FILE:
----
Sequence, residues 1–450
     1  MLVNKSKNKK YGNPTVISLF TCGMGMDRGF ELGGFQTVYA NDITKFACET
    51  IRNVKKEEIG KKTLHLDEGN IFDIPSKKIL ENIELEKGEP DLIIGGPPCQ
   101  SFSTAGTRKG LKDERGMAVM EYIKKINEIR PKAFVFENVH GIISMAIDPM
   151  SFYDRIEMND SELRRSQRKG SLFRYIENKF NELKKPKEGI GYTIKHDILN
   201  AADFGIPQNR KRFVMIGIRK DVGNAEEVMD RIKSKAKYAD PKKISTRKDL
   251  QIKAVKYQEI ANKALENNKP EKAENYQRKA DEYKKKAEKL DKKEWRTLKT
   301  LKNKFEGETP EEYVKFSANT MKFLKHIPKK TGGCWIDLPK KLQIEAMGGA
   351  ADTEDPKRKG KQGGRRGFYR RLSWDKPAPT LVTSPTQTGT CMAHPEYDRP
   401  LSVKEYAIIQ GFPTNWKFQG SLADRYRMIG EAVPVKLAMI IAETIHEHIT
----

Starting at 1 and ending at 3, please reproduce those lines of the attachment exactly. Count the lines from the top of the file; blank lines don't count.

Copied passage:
Sequence, residues 1–450
     1  MLVNKSKNKK YGNPTVISLF TCGMGMDRGF ELGGFQTVYA NDITKFACET
    51  IRNVKKEEIG KKTLHLDEGN IFDIPSKKIL ENIELEKGEP DLIIGGPPCQ